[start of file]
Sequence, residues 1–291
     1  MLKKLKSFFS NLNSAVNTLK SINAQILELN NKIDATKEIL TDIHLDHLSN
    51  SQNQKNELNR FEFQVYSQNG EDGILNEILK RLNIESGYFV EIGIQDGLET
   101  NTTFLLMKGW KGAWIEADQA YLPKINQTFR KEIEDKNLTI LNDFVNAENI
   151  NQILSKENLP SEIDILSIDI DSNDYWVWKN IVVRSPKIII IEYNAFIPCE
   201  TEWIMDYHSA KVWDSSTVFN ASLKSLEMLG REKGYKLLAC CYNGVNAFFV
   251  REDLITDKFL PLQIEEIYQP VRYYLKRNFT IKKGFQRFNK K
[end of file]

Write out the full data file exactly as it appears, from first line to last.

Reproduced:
Sequence, residues 1–291
     1  MLKKLKSFFS NLNSAVNTLK SINAQILELN NKIDATKEIL TDIHLDHLSN
    51  SQNQKNELNR FEFQVYSQNG EDGILNEILK RLNIESGYFV EIGIQDGLET
   101  NTTFLLMKGW KGAWIEADQA YLPKINQTFR KEIEDKNLTI LNDFVNAENI
   151  NQILSKENLP SEIDILSIDI DSNDYWVWKN IVVRSPKIII IEYNAFIPCE
   201  TEWIMDYHSA KVWDSSTVFN ASLKSLEMLG REKGYKLLAC CYNGVNAFFV
   251  REDLITDKFL PLQIEEIYQP VRYYLKRNFT IKKGFQRFNK K